Speaker 1 00:11:50 In just a second, more with Danny, including some of his thoughts about what lies ahead for podcasting in 2023. Also, I'm using a new transcription service and you can see how well it handled my Canadian accent and Danny's Scottish accent at soundoffpodcast.com.
Speaker 3 00:12:08 This podcast supports podcasting 2.0. If you like this show or are getting value from it, hit the boost button now. If you don't have a boost button, you can get one now at newpodcastapps.com.
Speaker 1 00:12:21 So you're one of the catalysts, along with James Cridland and Rob Greenlee, for encouraging me to get transcription for my podcast. Why do podcasters need transcription? Why should they have transcription for their podcast?
Speaker 2 00:12:34 And that's a great question. Why should they? The key one is accessibility. There's, I think I read a stat where it mentioned just in the US alone, I think it, it's like 5, 6% of adults are hard of hearing. So they will struggle on an audio only podcast. It's why when you see an audiogram on Twitter that's been created for a new episode and the captions aren't there, that's missing a big chunk of audience. You know, you should always put transcripts on an audiogram, but it's all about accessibility. If I'm hard of hearing, but I want to enjoy a podcast just like anybody else. I've got the transcript, the text of that audio right in front of me and depending on the player that you might have in installed with the transcript, the words will fall along as I've been spoken. So first and foremost, accessibility. But it does help with SEO as well. The way that transcripts are put together. You've got these little nuggets that are hidden away deep in the transcript that search engine algorithms and AI can pull out and, you know, help listeners find your show.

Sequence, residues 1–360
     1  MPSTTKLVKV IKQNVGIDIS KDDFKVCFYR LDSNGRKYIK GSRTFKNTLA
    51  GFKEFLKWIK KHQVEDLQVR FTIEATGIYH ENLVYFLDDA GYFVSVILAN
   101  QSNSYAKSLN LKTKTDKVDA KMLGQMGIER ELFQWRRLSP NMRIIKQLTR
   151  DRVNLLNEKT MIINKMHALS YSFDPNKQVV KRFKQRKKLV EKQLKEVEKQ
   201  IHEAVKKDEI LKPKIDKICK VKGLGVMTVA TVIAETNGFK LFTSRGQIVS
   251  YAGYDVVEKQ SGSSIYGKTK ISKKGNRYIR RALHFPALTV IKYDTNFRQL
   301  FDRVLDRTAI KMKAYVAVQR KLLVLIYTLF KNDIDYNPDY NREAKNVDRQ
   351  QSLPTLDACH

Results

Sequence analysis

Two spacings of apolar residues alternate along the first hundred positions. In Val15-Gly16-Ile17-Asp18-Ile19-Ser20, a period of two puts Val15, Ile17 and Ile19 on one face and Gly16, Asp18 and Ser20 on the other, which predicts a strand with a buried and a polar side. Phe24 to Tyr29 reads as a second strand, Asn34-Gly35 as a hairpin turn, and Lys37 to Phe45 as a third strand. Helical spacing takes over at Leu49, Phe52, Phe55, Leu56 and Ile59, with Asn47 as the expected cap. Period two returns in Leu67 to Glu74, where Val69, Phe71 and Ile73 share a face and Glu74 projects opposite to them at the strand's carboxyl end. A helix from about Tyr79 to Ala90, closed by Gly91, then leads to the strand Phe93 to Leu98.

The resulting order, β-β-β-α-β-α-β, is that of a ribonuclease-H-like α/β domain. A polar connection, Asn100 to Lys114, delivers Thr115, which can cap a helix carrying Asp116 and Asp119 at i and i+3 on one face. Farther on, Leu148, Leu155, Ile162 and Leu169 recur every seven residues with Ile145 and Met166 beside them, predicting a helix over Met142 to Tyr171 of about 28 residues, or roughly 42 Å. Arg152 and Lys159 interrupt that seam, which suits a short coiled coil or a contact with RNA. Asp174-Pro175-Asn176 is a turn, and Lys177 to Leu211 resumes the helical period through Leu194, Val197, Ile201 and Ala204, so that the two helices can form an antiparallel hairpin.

Speaker 1 00:13:29 So SEO in transcripts I find interesting, because I see some people they will just attach the transcript to the bottom of the blog post, and then all of a sudden the blog post is a 15 minute read and Google's gonna mark that below the line. So what's the proper way to really sort of infuse the transcript so we do get the best SEO?
Speaker 2 00:13:47 Yeah, and and my colleague Sarah would be far better to talk about that. She's SEO through and through. But um, yeah, when you attach it like that, as you imagine, you've got this huge, huge, huge lantern. If you've got like a three hour podcast episode, that's gonna be a long scroll for the transcripts. I'm a big fan of the embedding transcript players, where it's still on page, but now you've got an embeddable player by the transcript service. So your show notes are on the normal blog post, and then underneath that you've got the embeddable transcript player and that will play and scroll along with you. That saves a lot. I know a lot of people say well just link out to a pdf. But the problem is, you are not making it accessible, cuz you now you're forcing the heart of hearing and those who have accessibility issues to actually click another link just to access the transcripts, and don't even get me started on people that offer transcripts as a premium feature only.